917 F2d 25 United States v. L Ferby E
917 F.2d 25
UNITED STATES, Plaintiff-Appellee,
Dexter L. FERBY (89-6478) Carl E. Street (89-6479) Calvin
Watkins (90-5167), Defendants-Appellants.
Nos. 89-6478, 89-6479 and 90-5167.
United States Court of Appeals, Sixth Circuit.
Oct. 29, 1990.
NOTICE: Sixth Circuit Rule 24(c) states that citation of unpublished dispositions is disfavored except for establishing res judicata, estoppel, or the law of the case and requires service of copies of cited unpublished dispositions of the Sixth Circuit.
Before KRUPANSKY and BOGGS, Circuit Judges, and CONTIE, Senior Circuit Judge
Defendants-appellants Dexter L. Ferby, Calvin Lee Watkins, and Carl E. Street have appealed their convictions pursuant to a jury verdict for conspiracy to possess cocaine with intent to distribute in violation of 21 U.S.C. Sec. 846, and Watkins and Street have appealed their convictions for attempt to possess cocaine with intent to distribute in violation of 21 U.S.C. Secs. 841(a)(1) and 846.
On February 7, 1989, the Memphis Police Department had "information" that a drug transaction was to take place at a convenience store at the corner of Millbranch and Winchester streets in Memphis. Officer Henry D. Williams testified that the police were "anticipating a drug transaction to take place on that lot, and involved a 1968, dark green Chevrolet, with handicapped tags." Alone in an unmarked vehicle, Officer Williams stationed himself in the parking lot of the 7-Eleven store at the above-mentioned corner. Five other police officers were in constant radio contact with Officer Williams.
At approximately 8:50 p.m., a 1968 green Chevrolet, bearing license plates for the handicapped, appeared and parked in the area of the entrance to the store. There were three black males in the vehicle. About five minutes later, a white Mazda hatchback, after circling a nearby service station, entered the convenience store lot and parked beside the Chevrolet. There were two black males in the Mazda. All five occupants of the two vehicles left their respective vehicles and converged to conduct a conference, which lasted for about two minutes. All of the men then returned to their respective automobiles.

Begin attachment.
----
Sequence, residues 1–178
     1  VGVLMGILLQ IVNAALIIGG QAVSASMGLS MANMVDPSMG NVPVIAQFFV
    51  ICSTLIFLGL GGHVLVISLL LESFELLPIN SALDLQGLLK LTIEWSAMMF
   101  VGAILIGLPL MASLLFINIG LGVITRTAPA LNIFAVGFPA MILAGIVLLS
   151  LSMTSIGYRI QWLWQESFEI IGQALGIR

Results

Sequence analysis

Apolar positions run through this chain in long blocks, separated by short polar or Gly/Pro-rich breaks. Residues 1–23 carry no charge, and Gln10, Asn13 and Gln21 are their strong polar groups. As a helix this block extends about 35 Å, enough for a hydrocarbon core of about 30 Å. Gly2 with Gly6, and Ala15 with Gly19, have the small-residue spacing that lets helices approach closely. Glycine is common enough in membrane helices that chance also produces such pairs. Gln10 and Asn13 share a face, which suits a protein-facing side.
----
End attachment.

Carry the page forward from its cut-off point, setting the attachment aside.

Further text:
The Chevrolet left the parking lot, with the Mazda following a short distance behind. Both vehicles parked in the lot of a nearby apartment complex.
Two police vehicles blocked the Mazda, whereupon two men exited the Mazda and undertook flight. The passenger in the Mazda escaped and has never been identified. Although the driver also escaped, Lt. Cox observed the driver discard his jacket as he ran and clearly observed his face in the lights of the apartment complex. From a receipt retrieved from the pocket of the discarded jacket and from the license plates issued to the Mazda, the police later identified and arrested the driver, Calvin Wilhite.
Other police officers confronted the occupants of the green Chevrolet. The driver identified himself as Carl Street. The front seat passenger was Dexter Ferby and the back seat passenger was Calvin Watkins. As a result of a pat-down for weapons, Watkins was found to be carrying $3,255 in United States currency. Neither of the others were carrying large sums of money and no evidence of cocaine or other contraband was found on the person of three appellants or in the Chevrolet. Officer Williams testified that the police had confiscated a plastic bag containing 239.4 grams of cocaine from behind the seats of the white Mazda.
At the scene of the arrest, Ferby told officers that he was there to see "a lady" in one of the apartments. Before leaving the scene, Cynthia Akins, an occupant of the apartment, upon questioning by the police officers, denied that she either knew or was expecting any of the occupants of either vehicle. During trial, however, she testified that she had been expecting appellant Watkins, but had not seen him on the night of the incident.
At trial, Street testified that he and Watkins had met earlier in the day and that he agreed to drive Watkins to shop for a used car. Neither Watkins or Street implicated Ferby either directly or indirectly with any of the events beyond stating that he was along with them "only for the ride."
At the close of the government's case in chief, and again upon completion of the defendants' cases, all of the appellants moved for judgments of acquittal, which were denied. The jury returned verdicts of guilty against all three appellants on the conspiracy charge. The jury found only Watkins and Street guilty of attempting to possess cocaine with intent to distribute in violation of 21 U.S.C. Sec. 841(a)(1) and acquitted Ferby of this charge. After the verdicts were entered, Ferby and Watkins filed motions for judgments of acquittal or, in the alternative, for new trials, which were denied.
On appeal, all three defendants argued that the district court erred in refusing to grant their motions for acquittal or, in the alternative, for a new trial, because there was insufficient evidence to sustain the conviction.
When reviewing for sufficiency of the evidence, the appellate court must view the evidence and all reasonable inferences from the evidence in the light most favorable to the government. United States v. Gibson, 675 F.2d 825, 829 (6th Cir.), cert. denied, 459 U.S. 972, 103 S.Ct. 305, 74 L.Ed.2d 285 (1982). The standard of review is "whether the record evidence could reasonably support a finding of guilt beyond a reasonable doubt." Jackson v. Virginia, 443 U.S. 307, 318, 99 S.Ct. 2781, 2788-89, 61 L.Ed.2d 560 (1976); United States v. Christian, 786 F.2d 203, 311 (6th Cir.1986).